Beijing casts doubt on state of trade talks with U.S.




Beijing casts doubt on state of trade talks

Beijing has cast doubt on whether trade talks are set to resume, with its foreign ministry contradicting US President Donald Trump’s claim that China had sought a return to the negotiating table and state media saying the countries were in touch only at a “technical level”.

.The countries had been due to speak on Tuesday, according to a previous statement from China’s commerce ministry after their last telephone call on August 13.

But there has since been no indication of progress on that front and the Chinese foreign ministry said at a regular briefing on Monday that it was “not aware of the phone calls over the weekend”.

Hu Xijin, editor in chief of the state-run tabloid Global Times, also wrote on Twitter that the two sides had maintained contact at a “technical level”, which “doesn’t have [the] significance that President Trump suggested”.

A commentary published on Tuesday by Communist Party mouthpiece People’s Daily advised the United States not to underestimate China’s determination to fight back.

“China will do what it has said,” the commentary said, referring to Beijing’s tariff measures. “Any attempts to force China to make concessions through extreme pressure will be in vain.”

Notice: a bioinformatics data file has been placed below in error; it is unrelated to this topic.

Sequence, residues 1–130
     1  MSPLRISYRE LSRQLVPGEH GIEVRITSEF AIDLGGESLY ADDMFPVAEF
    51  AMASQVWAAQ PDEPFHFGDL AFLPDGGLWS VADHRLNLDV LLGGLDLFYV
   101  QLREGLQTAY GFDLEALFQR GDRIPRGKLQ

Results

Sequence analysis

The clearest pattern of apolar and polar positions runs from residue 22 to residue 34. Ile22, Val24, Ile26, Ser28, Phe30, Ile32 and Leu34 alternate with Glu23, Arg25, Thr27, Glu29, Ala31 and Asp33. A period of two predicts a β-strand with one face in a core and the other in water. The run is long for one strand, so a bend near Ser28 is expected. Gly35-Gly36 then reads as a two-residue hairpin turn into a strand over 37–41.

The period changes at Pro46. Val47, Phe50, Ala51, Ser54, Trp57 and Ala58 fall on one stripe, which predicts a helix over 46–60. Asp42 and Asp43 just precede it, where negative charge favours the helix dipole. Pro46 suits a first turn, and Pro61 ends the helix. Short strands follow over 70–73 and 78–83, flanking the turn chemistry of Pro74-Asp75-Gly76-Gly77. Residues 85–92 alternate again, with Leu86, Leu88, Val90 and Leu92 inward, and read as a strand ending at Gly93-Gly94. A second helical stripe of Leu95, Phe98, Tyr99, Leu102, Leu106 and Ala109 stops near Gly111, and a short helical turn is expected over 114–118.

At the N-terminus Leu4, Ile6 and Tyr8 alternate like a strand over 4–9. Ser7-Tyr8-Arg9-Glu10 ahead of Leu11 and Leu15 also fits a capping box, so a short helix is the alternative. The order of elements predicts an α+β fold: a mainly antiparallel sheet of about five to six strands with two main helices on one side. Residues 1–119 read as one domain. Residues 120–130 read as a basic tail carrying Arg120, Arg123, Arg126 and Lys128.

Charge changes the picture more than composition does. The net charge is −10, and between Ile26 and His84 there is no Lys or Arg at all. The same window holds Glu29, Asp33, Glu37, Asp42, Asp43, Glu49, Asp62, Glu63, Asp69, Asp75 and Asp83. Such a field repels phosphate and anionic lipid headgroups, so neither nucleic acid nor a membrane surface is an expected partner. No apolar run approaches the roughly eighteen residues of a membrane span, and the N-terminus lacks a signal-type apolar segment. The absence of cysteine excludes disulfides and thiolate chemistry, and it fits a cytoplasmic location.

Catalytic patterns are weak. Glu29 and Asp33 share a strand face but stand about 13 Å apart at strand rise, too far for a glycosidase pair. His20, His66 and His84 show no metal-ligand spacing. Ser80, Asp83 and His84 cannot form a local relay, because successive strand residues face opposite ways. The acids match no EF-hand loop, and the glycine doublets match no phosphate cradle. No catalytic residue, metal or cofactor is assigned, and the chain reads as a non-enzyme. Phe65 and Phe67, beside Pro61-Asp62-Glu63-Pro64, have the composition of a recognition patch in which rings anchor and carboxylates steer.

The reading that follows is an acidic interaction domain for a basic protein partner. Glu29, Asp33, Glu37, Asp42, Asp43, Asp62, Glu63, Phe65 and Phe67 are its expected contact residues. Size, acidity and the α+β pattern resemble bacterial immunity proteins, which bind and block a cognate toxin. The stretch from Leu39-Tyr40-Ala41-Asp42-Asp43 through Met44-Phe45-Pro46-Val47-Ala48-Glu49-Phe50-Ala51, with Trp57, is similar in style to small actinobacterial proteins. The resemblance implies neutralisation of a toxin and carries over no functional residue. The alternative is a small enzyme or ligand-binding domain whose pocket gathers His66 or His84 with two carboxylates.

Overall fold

Question marks over the state of the trade talks – whether negotiations were to resume at a high level, and whether China was eager for a deal or Trump had exaggerated this to boost markets – remained after the countries exchanged new tariff threats last week, dampening hopes for a trade agreement in the short term.

Confusion over the state of China-US relations deepened when Trump last week called Chinese President Xi Jinping an enemy, then on Monday praised him as a great leader.

“Sorry, it’s the way I negotiate,” Trump told reporters at the Group of 7 meeting in Biarritz, France.

Last week, China said it would levy retaliatory tariffs of 5 to 10 per cent on US$75 billion worth of US goods. The Trump administration responded by announcing a tariff increase from 25 to 30 per cent on US$250 billion of Chinese goods, and from 10 to 15 per cent on US$300 billion worth of Chinese products.

“We are willing to resolve the issue through consultations and cooperation with a calm attitude and resolutely oppose the escalation of the trade war,” he said.

Trump, known for his use of hyperbole, cited Liu’s remarks as evidence that China wanted a trade deal. When speaking to reporters, Trump also appeared to misidentify Liu’s seniority, describing him as the No 2 politician in China under Xi.

Although he is vice-premier and Xi’s top economic aide, Liu does not sit on the Politburo Standing Committee, the elite seven-member decision-making body, and ranks lower than Chinese Premier Li Keqiang and Vice-President Wang Qishan.

“The vice-chairman of China – do you get any higher than that, other than President Xi?” Trump asked. “The vice-chairman made the statement that he wants to make a deal, that he wants to see a call made, mister, he wants it all to happen.”

There is no position of vice-chairman in the Chinese political system.

According to the Chinese commerce ministry, the last high-level phone calls between Chinese and US trade negotiators took place on August 13 between Liu, Lighthizer and Mnuchin.

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